Care for Clergy
Following our Founder St. Francis, we recognize in our service to the Church, his reverence for priests. He used to say to his brothers, “We have been sent to help the clergy toward salvation of souls. Know, brothers, that the fruit of souls is most pleasing to God, and it can be better obtained by peace with clerics… Therefore, be subject to prelates… and sons of peace for the clergy” (cf. Celano II, 146).
Supporting Bishops, Priests and Seminarians
Our service to priests began in the summer of 1987 at the invitation of Bishop Glennon P. Flavin of the Diocese of Lincoln, Nebraska. The Bishop wanted our Sisters to staff Bonacum House, the newly built residence for retired priests which currently has twelve apartments. It is fitting that our introduction to the care for clergy began as a grateful service for them in their later years.
Our work in Bonacum House was soon followed by a similar apostolate at Maria Regina Residence for retired priests in the Diocese of Metuchen, New Jersey, in 1989. Maria Regina Residence currently has the capacity to house fourteen priests. In some small way, we wish to serve these priests who have generously spent their lives for the Church.
Several years after these two ventures, our service to priests took on a new face. At the request of Archbishop Agostino Cacciavillan, the Apostolic Nuncio to the United States, our Sisters began to serve at the Papal Nunciature in Washington, D.C., in 1995. This was eventually followed by similar apostolates in the household of the Archbishop of St. Louis as well as that of the Archbishop of Philadelphia.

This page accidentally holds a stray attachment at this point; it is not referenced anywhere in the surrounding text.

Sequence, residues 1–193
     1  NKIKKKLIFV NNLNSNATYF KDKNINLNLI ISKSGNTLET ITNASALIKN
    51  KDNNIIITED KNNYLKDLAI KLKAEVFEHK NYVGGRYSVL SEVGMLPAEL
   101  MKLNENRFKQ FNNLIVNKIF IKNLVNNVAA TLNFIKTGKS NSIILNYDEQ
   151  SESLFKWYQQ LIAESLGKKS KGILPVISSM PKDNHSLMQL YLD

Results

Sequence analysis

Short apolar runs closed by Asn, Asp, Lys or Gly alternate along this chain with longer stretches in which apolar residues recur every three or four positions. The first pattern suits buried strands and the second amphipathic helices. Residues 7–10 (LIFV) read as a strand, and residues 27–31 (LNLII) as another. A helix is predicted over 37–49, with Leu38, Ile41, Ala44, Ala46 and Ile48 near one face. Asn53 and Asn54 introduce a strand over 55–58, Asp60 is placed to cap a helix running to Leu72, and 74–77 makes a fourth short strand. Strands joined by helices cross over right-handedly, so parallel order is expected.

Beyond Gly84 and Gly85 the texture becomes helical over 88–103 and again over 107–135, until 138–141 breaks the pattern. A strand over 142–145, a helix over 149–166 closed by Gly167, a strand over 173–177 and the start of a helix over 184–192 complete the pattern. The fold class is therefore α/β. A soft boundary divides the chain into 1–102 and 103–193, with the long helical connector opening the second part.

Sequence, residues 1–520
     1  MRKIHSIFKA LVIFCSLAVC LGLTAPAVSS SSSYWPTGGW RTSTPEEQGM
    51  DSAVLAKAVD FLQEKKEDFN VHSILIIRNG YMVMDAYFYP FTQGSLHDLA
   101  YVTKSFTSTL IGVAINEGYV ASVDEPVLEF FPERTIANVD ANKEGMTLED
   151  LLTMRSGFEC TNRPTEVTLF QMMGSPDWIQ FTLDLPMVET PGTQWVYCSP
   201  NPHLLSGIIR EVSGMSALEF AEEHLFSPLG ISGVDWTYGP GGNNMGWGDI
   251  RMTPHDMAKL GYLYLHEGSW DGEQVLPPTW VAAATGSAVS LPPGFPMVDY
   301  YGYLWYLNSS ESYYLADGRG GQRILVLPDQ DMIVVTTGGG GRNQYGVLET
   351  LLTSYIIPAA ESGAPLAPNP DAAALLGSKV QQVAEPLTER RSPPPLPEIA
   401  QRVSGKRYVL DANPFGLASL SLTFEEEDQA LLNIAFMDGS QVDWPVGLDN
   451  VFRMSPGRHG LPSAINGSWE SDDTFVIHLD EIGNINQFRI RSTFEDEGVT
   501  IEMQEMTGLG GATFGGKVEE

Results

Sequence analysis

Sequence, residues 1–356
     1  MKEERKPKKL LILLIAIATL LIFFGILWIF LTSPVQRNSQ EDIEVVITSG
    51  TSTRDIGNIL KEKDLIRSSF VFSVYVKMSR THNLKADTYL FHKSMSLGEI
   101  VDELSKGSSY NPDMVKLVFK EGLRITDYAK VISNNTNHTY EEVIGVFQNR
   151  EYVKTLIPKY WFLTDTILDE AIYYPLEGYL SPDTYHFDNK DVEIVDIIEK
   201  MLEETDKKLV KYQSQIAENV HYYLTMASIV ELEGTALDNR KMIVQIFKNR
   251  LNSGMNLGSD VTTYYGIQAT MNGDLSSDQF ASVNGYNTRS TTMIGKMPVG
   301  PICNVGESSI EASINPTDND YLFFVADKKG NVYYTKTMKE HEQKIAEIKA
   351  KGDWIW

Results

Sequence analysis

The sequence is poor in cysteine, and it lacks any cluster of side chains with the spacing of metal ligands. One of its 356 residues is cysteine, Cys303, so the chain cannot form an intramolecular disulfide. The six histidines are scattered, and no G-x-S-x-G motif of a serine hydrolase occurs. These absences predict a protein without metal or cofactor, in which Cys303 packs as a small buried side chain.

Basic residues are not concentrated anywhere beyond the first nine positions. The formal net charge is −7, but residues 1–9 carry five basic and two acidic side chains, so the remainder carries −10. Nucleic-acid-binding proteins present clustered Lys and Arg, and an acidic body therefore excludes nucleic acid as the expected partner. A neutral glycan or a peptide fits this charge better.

In addition to serving the clergy in the United States, our Sisters are currently stationed in Rome, Italy, in the Household of Raymond Cardinal Burke.
We never dreamed that our service to priests would take us beyond Rome. However, God’s designs are always full of surprises! The sending of four Sisters to Havana, Cuba, in January 2011, for service at St. Charles and St. Ambrose Seminary, brings us full circle. Beginning with service to retired priests, we find ourselves called to nurture the initial growth of priestly vocations.
What a blessing and privilege it is to serve and support our priests and bishops in all these ways. By caring for them in their needs, we benefit from the many graces that flow from their hands which sanctify us and the world they touch through our Eucharistic Lord.